The Forbidden Culprit: Sugar!

Today I wanted to discuss the forbidden culprit that everyone wants to remove from their diet, Sugar!

Most people know that too much sugar can add extra calories to their diet and cause unnecessary weight gain, so they avoid obvious things like; candy, chocolate, pastries, juice, and soda. We all know these items are loaded with empty calories and full of sugar, but what about the hidden sugar items? There are lots of food items that we may think are better than cookies and sodas, but the reality is they still contain a significant amount of sugar in them. To be specific, I’m talking about items like pasta, yogurt, granola, bread, condiments and sauces. One 6 ounce container of strawberry Yoplait yogurt contains 18 grams of sugar. If you top it off with a ½ cup of Special K granola you would be adding 6 extra grams of sugar. That’s a total of 24 grams of sugar in one small snack. The Dietary Guidelines for 2015 only recommends 30 to 35 grams of added sugar a day in a 1200-1400 calorie diet. This snack alone is more than half of the recommended daily dietary guidelines.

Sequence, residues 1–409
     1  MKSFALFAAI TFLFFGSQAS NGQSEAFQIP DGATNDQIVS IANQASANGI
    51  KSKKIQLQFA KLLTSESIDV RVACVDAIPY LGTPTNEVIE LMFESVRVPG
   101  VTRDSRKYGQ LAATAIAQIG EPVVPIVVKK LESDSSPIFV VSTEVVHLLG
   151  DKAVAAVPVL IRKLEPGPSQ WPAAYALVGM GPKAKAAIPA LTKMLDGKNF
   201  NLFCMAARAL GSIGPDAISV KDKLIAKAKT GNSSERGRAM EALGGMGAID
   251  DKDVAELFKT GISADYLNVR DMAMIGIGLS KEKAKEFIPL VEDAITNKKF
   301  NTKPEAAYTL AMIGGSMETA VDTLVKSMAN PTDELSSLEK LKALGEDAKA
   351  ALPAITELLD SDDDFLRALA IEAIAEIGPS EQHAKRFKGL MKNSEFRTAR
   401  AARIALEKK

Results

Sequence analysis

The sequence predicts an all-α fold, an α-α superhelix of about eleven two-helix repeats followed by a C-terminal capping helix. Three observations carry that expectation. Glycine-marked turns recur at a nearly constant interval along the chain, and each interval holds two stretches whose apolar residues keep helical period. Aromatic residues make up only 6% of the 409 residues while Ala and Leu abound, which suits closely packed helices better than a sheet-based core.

Also, condiments, dressings, and sauces are another culprit when it comes to hidden sugars.

The problem with these is that we tend to use more than the recommended amount causing a sugar overload. Take for instance Chick-fil-A, everyone has their favorite sauce that they just have to dip their chicken in. My personal favorite is Polynesian sauce. It contains 5 grams of sugar in one container. Most people tend to grab 2 to 3 extra sauce packets for their meals, you must have enough to cover the entire meal (sandwich and waffle fries) but that’s where the culprit comes in to add the extra calories. By adding the dipping sauce, you have increased your overall sugar intake for that meal 10 to 15 grams just in sauce alone. Being mindful and aware of these hidden sugars can help you cut back on your added sugar intake.

Some tips that I would suggest are if you just can’t have Chick-fil-A without the sauce try minimizing it to one container only. Also try to keep things simple. If you want yogurt try having plain unsweetened yogurt then add fresh fruit or granola to plain yogurt. That way you only have one item that adds the extra sugar. Also, always read the nutrition labels and stick to the serving sizes. When you increase serving sizes you increase sugar.